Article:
Government released its Jet Zero Strategy. But can businesses relying heavily on air business travel be confident action will drop emissions?

Can the Jet Zero Strategy bring sustainability to the skies?


The Government has recently released its Jet Zero Strategy. But can businesses that rely heavily on air business travel and air freight be confident action will help them drive down emissions?

Or, perhaps they need to take things into their own hands and seek alternatives to air travel?

Airs and graces

‘Decarbonising aviation will not be straightforward,’ begins the government’s Strategy, a statement of the obvious. Yet, it’s a potent document too. It promises the UK aviation sector will reach net zero by 2050. In addition, there is an earlier target for UK domestic flights to reach net zero by 2040.

There are hints of realism too; an acceptance that many of the technologies we need to achieve Jet Zero are at an early stage of development or commercialisation; their nascent nature means that government does not yet know the optimal technological mix out to 2050.

There is also realism on the fact this is a hard-to-decarbonise sector, with solutions at different stages of technological and commercial readiness.

Yet the government is candid; this is a sector that is committed to decarbonisation and one that simply must deliver.

£180 million is available for more sustainable aviation fuels; with £685 million for the ATI tech programme. It’s also worth noting that UK aerospace exports, worth £34 billion, represent an estimated 13 per cent of global market share and domestic production of green fuels could support up to 5,200 UK jobs by 2035.

The argument should therefore not be that aviation is too important to change, but that it’s too important not to change, says government.

Is Jet Zero up to scratch?

Some analysis hints at problems. New Scientist writes that efforts to make flying greener mostly count carbon dioxide emissions only, but modelling shows this ignores 90 per cent of future flights’ contribution to climate change.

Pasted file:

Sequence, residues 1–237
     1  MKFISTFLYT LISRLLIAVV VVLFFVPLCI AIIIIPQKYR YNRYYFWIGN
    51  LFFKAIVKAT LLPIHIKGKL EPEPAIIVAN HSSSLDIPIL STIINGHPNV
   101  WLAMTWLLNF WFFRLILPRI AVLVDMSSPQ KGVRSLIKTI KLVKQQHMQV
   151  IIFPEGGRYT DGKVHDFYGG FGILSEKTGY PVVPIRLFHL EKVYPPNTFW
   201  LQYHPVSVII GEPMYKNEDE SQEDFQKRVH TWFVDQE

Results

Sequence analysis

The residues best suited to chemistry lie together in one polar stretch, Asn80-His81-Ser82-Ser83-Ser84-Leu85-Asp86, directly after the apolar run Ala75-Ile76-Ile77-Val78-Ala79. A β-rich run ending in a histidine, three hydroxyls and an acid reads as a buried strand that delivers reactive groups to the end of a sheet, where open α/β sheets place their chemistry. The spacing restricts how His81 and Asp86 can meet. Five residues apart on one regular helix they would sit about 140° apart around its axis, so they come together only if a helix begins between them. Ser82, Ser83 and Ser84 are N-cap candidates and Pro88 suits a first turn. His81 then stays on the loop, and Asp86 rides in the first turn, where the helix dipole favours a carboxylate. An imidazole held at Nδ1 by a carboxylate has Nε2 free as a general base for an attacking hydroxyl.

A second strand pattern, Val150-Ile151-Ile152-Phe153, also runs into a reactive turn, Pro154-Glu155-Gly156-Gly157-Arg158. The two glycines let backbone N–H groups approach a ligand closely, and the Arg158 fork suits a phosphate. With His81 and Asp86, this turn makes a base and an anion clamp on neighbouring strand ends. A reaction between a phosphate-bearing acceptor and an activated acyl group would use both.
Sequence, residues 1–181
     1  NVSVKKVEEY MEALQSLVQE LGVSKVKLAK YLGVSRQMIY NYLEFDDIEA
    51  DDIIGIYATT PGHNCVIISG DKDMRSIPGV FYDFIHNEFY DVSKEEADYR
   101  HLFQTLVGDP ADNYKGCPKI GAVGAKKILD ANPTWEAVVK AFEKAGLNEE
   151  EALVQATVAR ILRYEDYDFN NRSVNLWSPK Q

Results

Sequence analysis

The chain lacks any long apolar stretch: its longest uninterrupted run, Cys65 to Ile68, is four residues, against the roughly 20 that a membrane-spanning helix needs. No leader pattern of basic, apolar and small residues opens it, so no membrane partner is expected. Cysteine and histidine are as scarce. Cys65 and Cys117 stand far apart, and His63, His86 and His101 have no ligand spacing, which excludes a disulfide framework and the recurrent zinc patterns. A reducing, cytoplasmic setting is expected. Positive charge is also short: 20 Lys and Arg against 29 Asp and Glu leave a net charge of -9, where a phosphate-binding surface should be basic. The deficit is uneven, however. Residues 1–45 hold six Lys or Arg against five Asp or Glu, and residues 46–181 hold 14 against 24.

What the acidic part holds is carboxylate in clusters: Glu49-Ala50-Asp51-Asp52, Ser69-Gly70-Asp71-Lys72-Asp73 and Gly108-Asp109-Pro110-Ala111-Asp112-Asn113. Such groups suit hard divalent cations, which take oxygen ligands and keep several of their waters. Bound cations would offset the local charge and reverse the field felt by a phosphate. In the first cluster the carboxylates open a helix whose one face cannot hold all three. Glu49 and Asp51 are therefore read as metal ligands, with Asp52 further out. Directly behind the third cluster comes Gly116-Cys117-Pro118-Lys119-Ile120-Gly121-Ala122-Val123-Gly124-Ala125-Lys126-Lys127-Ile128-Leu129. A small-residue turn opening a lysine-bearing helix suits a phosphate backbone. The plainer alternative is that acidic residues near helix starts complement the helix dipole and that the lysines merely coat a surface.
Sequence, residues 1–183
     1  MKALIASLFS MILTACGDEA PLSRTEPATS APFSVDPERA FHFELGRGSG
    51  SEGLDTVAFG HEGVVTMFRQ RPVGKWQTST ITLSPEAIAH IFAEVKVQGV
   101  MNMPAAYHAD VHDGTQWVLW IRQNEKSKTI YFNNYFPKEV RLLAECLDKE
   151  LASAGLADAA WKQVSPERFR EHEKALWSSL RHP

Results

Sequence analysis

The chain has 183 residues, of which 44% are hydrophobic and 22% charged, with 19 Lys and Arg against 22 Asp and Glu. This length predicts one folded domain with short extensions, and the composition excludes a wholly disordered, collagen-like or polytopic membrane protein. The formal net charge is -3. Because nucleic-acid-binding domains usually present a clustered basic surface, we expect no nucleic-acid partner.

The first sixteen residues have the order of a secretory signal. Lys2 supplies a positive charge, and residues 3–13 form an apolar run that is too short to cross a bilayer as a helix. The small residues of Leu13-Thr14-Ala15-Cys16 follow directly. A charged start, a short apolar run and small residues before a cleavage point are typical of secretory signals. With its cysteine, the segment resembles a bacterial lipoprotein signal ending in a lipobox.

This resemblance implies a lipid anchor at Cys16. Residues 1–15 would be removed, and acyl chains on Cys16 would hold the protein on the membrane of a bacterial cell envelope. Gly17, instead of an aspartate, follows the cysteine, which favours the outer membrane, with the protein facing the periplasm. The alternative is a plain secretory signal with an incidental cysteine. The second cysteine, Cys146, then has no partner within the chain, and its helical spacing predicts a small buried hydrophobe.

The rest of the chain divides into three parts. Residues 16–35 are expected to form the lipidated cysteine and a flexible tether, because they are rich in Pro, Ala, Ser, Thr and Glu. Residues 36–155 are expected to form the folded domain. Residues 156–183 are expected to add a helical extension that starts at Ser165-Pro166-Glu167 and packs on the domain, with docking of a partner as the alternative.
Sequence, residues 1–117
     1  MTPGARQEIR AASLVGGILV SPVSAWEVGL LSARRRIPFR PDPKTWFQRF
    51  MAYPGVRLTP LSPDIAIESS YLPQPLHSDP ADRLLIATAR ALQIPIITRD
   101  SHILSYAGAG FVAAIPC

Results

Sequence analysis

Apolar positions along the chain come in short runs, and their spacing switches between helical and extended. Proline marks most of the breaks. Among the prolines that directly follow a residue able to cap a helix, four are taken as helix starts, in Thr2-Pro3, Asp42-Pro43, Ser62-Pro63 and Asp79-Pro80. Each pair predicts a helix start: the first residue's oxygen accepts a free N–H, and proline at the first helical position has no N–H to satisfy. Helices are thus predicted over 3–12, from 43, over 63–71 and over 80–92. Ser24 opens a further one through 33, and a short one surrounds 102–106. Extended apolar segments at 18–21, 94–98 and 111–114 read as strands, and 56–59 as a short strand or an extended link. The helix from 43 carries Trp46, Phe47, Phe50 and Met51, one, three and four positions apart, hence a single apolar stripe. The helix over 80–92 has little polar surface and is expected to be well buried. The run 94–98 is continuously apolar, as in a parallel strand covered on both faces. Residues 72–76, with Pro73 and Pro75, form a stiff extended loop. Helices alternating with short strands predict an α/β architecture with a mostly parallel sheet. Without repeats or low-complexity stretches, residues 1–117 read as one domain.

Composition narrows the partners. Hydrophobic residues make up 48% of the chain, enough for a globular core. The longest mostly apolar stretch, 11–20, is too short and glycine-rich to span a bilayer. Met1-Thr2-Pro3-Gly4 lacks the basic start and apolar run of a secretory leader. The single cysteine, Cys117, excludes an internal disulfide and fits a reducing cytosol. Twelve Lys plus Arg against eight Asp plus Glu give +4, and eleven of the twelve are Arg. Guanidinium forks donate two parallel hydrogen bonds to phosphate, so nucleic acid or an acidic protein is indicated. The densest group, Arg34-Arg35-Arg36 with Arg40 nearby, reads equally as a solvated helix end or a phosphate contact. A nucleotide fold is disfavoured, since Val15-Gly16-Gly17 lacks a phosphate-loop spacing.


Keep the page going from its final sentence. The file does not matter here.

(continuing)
The warming effect comes from the ways flights heat the atmosphere beyond the carbon dioxide emitted by burning jet fuel, which are the only emissions currently counted by international and most national efforts to decarbonise aviation. The main one of these non-CO2 effects is the contrails that form because of the soot, aerosols and water vapour released by aircraft engines.

So, Jet Zero may need to become climate-neutral, not carbon-neutral, to make meaningful change. Additionally, the status quo of jet fuel and offsetting would require an area the size of Germany to be planted with trees to compensate for the planes’ emissions. That amount of CO2 removal is very large and may be unfeasible.

Carbon Brief meanwhile says that the Jet Zero plans actually allow passenger numbers increase by 70 per cent from 2021 to 2050, representing an additional 200 million passengers.

It seems that under the surface, the Strategy plans for flight demand to increase, which would see aviation emissions rising from 38MtCO2e in 2019, before the Covid-19 pandemic, to 52MtCO2e by 2050.

The strategy goes on to suggest that a series of interventions chiefly based on untested technology could then reduce the impact of this demand growth, bringing the sector’s emissions total down to 19MtCO2e in 2050.

The government also sets out two additional scenarios, one involving a “breakthrough in sustainable aviation fuels” and the other a “breakthrough on zero-emission aircraft”. These still result in residual emissions in 2050, albeit at lower levels of 8.6MtCO2e and 11.3MtCO2e, respectively.

The Climate Change Committee (CCC) has said both of these technologies represent “major risks” to the government’s climate plans and may not deliver sufficient emissions reductions.

It’s all beginning to sound a little sketchy.

Reach for the skies?

Speaking to Carbon Brief, Helena Bennett, head of climate policy at the think-tank Green Alliance, says the aviation strategy shows a “very blatant disregard for [the CCC’s] recommendation of a demand management framework”.

The UK government’s reluctance to tackle demand (in real terms planning for it to rise by the aforestated 70 per cent) also puts it at odds with other countries in Europe. For example, in 2021, France put in place plans to ban domestic flights where the same journey could be made within two-and-a-half hours without flying.

edie’s analysis says while industry bodies backing alternative fuels have welcomed the UK government’s new plans for decarbonising the sector, green groups are accusing Ministers of betting too heavily on unproven tech and failing to prepare to reduce demand.

Overall then, the sense is that the Jet Zero Strategy is a good idea. But crucially it isn’t interested in cutting flying volumes at all, and secondly most of the science and tech it promises will achieve decarbonisation of aviation is largely unproven and unscaled.

The Net Zero Strategy overall for the UK has just been ruled unlawful, too. It isn’t that the UK doesn’t aspire to lead on net zero. It’s that what’s actually within our strategies, for now, isn’t set to deliver. Perhaps the incoming Conservative administration can keep up the Net Zero momentum; but with added realism?